[PubMed - indexed for MEDLINE]
If you are unsure how much boron you are receiving from borax (sodium tetraborate, sodium borate, sodium tetraborate or even disodium tetraborate).
Here is how you figure it out:
Borax is: Na2B4O7.10H20
The atomic weights are:
Na = 22.98976928, B = 10.81, O = 15.999, H = 1.008
Total Boron is 10.81*4=43.24
Boron factor is 43.24/381.3625 = .11338
Boron factor is .11338 so the boron percentage is 11.338%. So regardless of how much volume of borax you use you need to weigh it and multiply the total weight of borax by .11338, this give you how much boron you are receiving.
This brings back memories of high school chemistry. ;)
Dear Earth Clinic,
Boron Consumption Update with Questions:
I have been taking 5 times the maintenance dose daily for some weeks, with a day or two break here and there.
I have seen an improvement in overall energy of the body, and aches and pains of the joints don't seem to last more then a short time.
Starting on a higher dose I notice a severe reaction (host flushes, numbness of face, disorientation) of 1/4 to 1/8 a teaspoon.
I still get the hot face feeling a little bit on the low dose, though I think I have found the amount that works for me.
A friend of mine in his early 70's has started on the same does that I have, though he splits his up into two cups of water a day.
The process for consumption; is using one of the teaspoon sets; like these
the smallest teaspoons on there works out to be about 1/64 of a teaspoon. I weighed and calculated; 2 of these (in two doses) or one the size up from this is (1/32 of teaspoon size on that set, the second smallest teaspoon in the set), that 2 of the first, or one of the second; is equal to 5 times the maintenance dose of 3mg of boron a day.
I calculated the boron as 11% of the the borax molecule.
I think my calculations were such;
Having measured a heaped teaspoon of borax at around 6.5 grams,
then calculating that a liter of water is 202 teaspoons;
we end up with 1 teaspoons equaling about 33mg or 0.033g of borax content.
Thus working out that this has only 11% boron (of the the 33mg) we end up with 3mg content or 0.003g or boron in each teaspoon.
Thus working out that two of the 1/64th of 1 of the 1/32 teaspoons sizes *in the drop, pinch etc. set mentioned above. Calculated these to be 0.14g or 140mg. Thus boron content is 11% = 15.4mg of boron content; which is 5 times the maintenance does of 3mg a day.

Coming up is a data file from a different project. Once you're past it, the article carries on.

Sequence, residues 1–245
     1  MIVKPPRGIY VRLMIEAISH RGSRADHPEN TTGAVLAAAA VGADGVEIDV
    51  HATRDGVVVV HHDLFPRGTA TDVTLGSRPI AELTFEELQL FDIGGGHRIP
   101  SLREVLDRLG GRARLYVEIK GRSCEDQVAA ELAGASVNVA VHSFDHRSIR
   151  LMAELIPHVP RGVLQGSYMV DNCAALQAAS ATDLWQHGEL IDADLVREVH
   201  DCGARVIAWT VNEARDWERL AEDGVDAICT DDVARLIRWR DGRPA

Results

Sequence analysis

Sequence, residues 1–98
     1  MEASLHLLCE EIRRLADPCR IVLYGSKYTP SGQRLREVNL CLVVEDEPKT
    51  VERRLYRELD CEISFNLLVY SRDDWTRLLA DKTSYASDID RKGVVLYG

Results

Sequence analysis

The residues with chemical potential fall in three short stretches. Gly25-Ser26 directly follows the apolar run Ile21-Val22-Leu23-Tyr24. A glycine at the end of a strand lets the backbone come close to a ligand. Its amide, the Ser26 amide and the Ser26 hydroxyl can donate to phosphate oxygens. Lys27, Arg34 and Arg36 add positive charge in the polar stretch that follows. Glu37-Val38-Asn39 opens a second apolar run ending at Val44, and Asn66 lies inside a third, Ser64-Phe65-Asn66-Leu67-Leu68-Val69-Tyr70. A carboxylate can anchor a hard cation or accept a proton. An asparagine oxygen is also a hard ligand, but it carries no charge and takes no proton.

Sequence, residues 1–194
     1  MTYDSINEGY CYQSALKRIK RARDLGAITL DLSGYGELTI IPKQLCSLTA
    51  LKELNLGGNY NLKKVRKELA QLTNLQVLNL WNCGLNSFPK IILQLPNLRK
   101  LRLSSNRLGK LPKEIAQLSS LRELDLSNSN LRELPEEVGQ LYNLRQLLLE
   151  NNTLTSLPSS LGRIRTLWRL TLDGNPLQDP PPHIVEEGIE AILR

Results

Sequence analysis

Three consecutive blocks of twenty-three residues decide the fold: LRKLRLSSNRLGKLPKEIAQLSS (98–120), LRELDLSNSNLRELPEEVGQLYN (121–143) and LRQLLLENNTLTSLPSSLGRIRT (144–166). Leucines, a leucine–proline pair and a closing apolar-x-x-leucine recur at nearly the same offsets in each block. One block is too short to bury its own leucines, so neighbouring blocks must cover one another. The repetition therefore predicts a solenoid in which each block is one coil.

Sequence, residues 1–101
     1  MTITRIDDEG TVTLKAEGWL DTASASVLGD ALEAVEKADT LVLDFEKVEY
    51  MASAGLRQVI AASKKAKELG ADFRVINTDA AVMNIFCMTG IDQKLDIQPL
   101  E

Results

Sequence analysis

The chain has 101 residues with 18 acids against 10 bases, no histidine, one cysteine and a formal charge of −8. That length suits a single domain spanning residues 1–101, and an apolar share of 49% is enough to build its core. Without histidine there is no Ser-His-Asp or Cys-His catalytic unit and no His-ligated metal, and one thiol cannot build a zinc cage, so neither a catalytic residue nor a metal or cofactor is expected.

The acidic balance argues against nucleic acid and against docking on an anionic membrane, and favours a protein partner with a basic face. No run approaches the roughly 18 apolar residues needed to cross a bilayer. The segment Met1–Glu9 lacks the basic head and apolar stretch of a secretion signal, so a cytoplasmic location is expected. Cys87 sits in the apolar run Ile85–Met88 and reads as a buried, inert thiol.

Thus when the effects become clear and at completion one can go down to the maintenance dose by drinking the solution over 5 days.
* I found the idea of using a liter with a teaspoon, two difficult for my life style in the bush.
* I would suggest always using borax, as its alkaline, as apposed to boric acid which is mixed with hydrochloric acid and acidic already.
Note; make the solution with boiling water, add the amount then stir. Drink anytime afterwards (i usually drink it an hours or few hours later, or over a few days).
My question to ted; is about boron build up; should one even with small detox as here; have a day or two of a week; or can one stick through on the 5 times does; or its a personal decision? What are the effects of build up in the body.
P.S My friend has noticed a great improvement in his arthritis; though both he and I do take some magnesium as well (small dose)
P.P.S In Australia there is a company called blants; it can be ordered cheaply from there website; it comes from turkey, very good quality.
P.P.P.S The only other side affect that I noticed that if it is taken in the evening sometimes it can cause insomnia for several hours; (only happened to both me and my friend on one occasion each).
A Friend From Australia
THANKYOU MOST KINDLY FOR YOUR HELP :-) Peace
(Big Stone Gap, Virginia)
What is the rationale for diluting borax in so much water - a litre of water? Do you really need that much water?
(Rustenburg South Africa)
I have yet to find any discussion on how long of a period of time it is safe to take 1/4 teaspoon of Borax per liter of water. I have been doing 4 days on and 3 days off to help raise my PH while taking many other natural remedies to kill my H. Pylori. I like the idea of raising my PH that I would like to know a recommended maintenence plan for the rest of my life using Borax. For example is it safe to have a little every day or continue to do 4 days on and 3 days off? Also, is it too hard on the body to do the sodium carbonate and sodium bicarbonate while using the Borax for the rest of my life?
(Cape Town, South Africa)
Hi Ted, and anyone else out there, thanks again for sharing all your wonderful experiences and knowledge!
I wanted to know if borax at the 1/8 teaspoon in 1 lt of water taken 3 to 4 days a week over three weeks is too much for an elderly person?
My mum is 87 yrs suffering from chronic arthritis and pneumonia, last year we thought we would lose her at the hands of the hospital due to the excessive amounts of drugs. I would like to try it with her before winter returns.
The reason I ask is I know it's highly alkaline and Dr Sircus mentions in his book for Bicarb therapies not to take more than 3 x 1/2 teaspoon bicarb per day if over 60. ( I assumed it was due to the alkalinity) and wondered if it's the same with Borax.
(New York, Ny)
(Cape Town, South Africa)
(Cape Town, South Africa)
Hi I have nothing against borax but just so you know what levels are harmful or have adverse effects I wanted to post this abstract from a study in the area. I would be keen to hear feedback, I unfortunatly can't access the study myself without paying to see it. So the limited information I have attained from this study is that you are safe to use borax as long as you can keep the levels at 175 ppm as (boron equivalent).